If most components may be made of aluminum or magnesium then the density of the typical part may be taken as about 3000 kg/m3, so the characteristic size of the typical part is (0.1/3000)1/3 = 3.2 cm. This result is consistent with Souza's (personal communication, 1980) suggestion that the average automobile part could be characterized as "roughly cylindrical in shape, an inch in length and half an inch in diameter." The casting robot must be able to cast all 106 parts within a replication time T = 1 year. If the casting bay is only 1 m2 in horizontal extent, and only 10% of that area is available for useful molding, then each casting cycle can prepare molds for 0.1 m2 of parts. The characteristic area of the typical part is (0.1/3000)2/3 = 0.001 m2, and dividing this into the available area gives 100 parts/casting cycle as the typical production rate for the robot. To produce 106 parts/year the casting robot must achieve a throughput rate or 10,000 cycles/year, or about 52 min/cycle. This in turn implies that the system must be able to carve or mold at an average rate of 30 sec/part. Since most parts should be simple in form or will have patterns available, this figure appears feasible. After the casting robot makes molds for the parts, the molds are filled with molten aluminum alloy. The metal hardens, the mold is broken, and the pieces are recycled back into plaster of Paris; the aluminum parts formed in the mold are conveyed to the laser machining and finishing station.
Very thin sheets of aluminum also are required in various applications, among them solar cell manufacture, production of microelectronic components, and solar furnace mirror surfaces. Extrusion, rolling, and direct casting were considered and rejected on grounds of lack of versatility and complexity. Vapor deposition, currently used in industry to apply coatings to surfaces and to prepare thin sheets of aluminum and other substances, was tentatively selected both because of its tremendous versatility (any curved surface may be coated) and because it is state-of-the-art technology. The major problems with the process in terrestrial applications are maintenance of the vacuum and high energy consumption, neither of which are factors on the lunar surface or in an orbital environment.
Plaster molds to be surfaced are passed to a laser honing station where they are finished to any desired accuracy, after which they move to the vapor deposition station and are coated with appropriate metals or nonmetals to the requisite thickness The process is expected to proceed much as described by Miller and Smith (1979). The plaster mold is then removed and recycled, and the fabricated aluminum sheet is passed on to the electronic fabrication system or is sliced into wires by a fine cutting laser (Miller and Smith, 1979).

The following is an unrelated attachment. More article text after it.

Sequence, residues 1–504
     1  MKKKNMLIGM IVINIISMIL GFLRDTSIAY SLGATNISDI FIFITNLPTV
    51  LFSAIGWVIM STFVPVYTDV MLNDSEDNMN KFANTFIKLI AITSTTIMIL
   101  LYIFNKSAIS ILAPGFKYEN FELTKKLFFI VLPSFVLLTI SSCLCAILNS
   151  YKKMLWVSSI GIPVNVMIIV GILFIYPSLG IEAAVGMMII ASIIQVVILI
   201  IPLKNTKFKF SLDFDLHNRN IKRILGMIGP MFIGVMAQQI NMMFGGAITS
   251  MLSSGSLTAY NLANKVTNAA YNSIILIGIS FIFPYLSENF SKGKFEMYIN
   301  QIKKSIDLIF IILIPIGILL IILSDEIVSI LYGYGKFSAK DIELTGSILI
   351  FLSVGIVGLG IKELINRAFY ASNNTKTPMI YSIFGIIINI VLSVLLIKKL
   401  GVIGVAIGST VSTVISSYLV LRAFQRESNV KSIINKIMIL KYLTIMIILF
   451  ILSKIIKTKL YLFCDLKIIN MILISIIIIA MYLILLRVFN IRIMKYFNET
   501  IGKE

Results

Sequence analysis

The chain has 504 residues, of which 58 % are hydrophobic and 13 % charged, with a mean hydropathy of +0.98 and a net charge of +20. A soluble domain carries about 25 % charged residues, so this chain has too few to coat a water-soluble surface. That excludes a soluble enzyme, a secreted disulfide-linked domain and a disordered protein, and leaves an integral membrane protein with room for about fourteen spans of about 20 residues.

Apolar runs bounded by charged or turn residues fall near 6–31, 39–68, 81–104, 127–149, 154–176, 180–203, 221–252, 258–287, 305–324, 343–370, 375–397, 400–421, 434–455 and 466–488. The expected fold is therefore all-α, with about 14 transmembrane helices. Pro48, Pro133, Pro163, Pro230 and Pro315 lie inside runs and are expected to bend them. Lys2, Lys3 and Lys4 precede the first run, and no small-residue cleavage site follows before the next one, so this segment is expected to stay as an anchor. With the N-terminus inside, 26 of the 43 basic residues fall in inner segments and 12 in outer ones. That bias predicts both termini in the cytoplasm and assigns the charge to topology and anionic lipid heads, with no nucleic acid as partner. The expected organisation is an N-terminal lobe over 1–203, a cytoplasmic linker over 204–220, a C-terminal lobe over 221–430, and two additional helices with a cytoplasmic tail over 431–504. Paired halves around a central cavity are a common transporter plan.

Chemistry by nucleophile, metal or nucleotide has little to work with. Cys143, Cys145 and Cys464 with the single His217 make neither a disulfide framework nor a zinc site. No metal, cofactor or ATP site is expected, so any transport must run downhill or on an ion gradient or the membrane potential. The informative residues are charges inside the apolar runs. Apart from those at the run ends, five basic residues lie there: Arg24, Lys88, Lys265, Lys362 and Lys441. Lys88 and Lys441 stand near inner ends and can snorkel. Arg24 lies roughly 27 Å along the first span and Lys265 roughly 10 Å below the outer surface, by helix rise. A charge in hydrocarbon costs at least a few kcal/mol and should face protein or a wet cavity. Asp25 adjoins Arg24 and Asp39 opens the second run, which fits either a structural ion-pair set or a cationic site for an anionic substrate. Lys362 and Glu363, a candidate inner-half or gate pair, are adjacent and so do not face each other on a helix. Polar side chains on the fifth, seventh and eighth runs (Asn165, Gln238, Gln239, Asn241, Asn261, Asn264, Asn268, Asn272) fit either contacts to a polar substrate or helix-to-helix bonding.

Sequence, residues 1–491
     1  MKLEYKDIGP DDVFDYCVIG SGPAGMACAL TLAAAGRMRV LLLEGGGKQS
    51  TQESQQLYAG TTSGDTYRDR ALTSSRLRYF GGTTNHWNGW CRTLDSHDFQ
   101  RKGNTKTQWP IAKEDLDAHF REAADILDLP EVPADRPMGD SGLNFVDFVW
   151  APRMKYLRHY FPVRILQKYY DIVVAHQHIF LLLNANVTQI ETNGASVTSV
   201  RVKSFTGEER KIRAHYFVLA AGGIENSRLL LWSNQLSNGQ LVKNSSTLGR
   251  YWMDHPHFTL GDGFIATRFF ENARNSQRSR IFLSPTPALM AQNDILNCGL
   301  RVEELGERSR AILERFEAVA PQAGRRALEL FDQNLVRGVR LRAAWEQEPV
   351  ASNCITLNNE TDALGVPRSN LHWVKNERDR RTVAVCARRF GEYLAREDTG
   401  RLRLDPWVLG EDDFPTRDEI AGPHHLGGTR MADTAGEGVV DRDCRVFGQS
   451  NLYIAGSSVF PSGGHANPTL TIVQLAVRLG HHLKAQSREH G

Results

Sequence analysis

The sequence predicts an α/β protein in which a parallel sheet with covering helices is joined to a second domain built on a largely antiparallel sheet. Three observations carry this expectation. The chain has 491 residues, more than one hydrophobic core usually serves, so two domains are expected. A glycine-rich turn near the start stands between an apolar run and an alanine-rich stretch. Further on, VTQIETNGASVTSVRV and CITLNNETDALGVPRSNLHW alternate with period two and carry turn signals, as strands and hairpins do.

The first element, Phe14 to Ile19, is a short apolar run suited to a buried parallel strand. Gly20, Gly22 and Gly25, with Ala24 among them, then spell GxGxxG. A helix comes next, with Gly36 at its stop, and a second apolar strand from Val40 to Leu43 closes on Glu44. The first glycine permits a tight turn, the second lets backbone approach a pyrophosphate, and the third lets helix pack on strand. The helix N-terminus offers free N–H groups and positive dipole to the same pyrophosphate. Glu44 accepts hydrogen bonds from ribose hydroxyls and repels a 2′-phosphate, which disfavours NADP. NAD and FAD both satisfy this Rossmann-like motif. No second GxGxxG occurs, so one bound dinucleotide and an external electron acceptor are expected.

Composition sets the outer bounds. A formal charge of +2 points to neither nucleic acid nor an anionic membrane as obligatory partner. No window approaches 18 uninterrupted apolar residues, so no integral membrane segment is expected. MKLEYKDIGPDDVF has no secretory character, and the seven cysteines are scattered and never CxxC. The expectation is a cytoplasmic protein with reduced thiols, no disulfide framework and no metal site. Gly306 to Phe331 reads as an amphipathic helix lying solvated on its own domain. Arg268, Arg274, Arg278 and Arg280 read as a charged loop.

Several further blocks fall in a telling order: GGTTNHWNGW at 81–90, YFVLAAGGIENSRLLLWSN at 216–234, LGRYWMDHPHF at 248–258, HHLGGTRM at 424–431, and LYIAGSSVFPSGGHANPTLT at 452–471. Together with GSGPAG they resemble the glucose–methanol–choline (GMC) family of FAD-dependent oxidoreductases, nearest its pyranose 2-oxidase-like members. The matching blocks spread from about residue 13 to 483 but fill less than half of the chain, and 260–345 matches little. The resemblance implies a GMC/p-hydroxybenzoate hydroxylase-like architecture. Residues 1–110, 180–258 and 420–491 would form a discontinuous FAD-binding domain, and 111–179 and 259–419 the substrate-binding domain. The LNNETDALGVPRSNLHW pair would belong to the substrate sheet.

Mass throughput rates for this system appear adequate. Assuming that 104 m2 of solar cells are needed for the original seed (Freitas, 1980) and that the casting bay is about 1 m2 in area, then for T = 1 year the required deposition rate to produce 0.3 mm thick aluminum sheet is rd = (104 m2 solar cells/year)(3X10-4 m thick/sheet)(1 sheet/m2)(1 year/5.23X105 min)(106 um/m) = 5.7 um/mm. State-of-the-art deposition rates attained for aluminum commercially are about 50 um/min (Miller and Smith, 1979), nearly an order of magnitude higher than required. (The above throughput rate would also be equivalent to 1 m/sec of 0.3 mm aluminum wire production if cutting and wrapping can keep pace with deposition). Cycling time is about 52 min/sheet. Following Johnson and Holbrow (1977), a heat of vaporization of 107 J/kg for 104 solar cells each made of 0.3 mm Al of density 3000 kg/m3 requires a continuous power draw of only 2.9 kW, which can be supplied by a small solar collector mirror 2 m in diameter.
A small number of LMF parts are expected to be made of cast basalt - fused as-found lunar soil perhaps with fluxing agent additives. Most parts will probably be aluminum because Al is an easily worked metal with high strength, low density (hence supporting structures need not be large), and relatively low melting point (hence is easily cast). The major advantages of basalt are its easy availability, its tolerance of machining, good compressive strength, and high density in some uses. Anticipated applications include machine support bases, furnace support walls, robot manipulator tools (to avoid vacuum welding), and other special parts where weight is not a problem. Because plaster fuses at 1720 K - very near the melting point of basalt - and loses its water of crystallization around 475 K, it cannot be used to make basalt castings. Iron molds cast from refractory templates are required; they may be reused or recycled as necessary.
Another principal application for basalt is as an insulating fiber. Spun basalt threads can be used to wrap electrical conductors to provide insulation, woven to produce "mineral fabrics" as filler to strengthen cements, shock-absorbing resilient packing material, filters and strainers for materials processing, or as thermal insulation or to prevent cold welding of metals (Green, unpublished Summer Study document, 1980). The technology for producing spun basalt products (Kopecky and Voldan, 1965; Subramanian and Kuang-Huah, 1979), basalt wool, and drawn basalt fibers (Subramanian et al., 1975) is well established commercially and customarily involves extrusion or simple mechanical pulling from a melt (see sec. 4.2 2).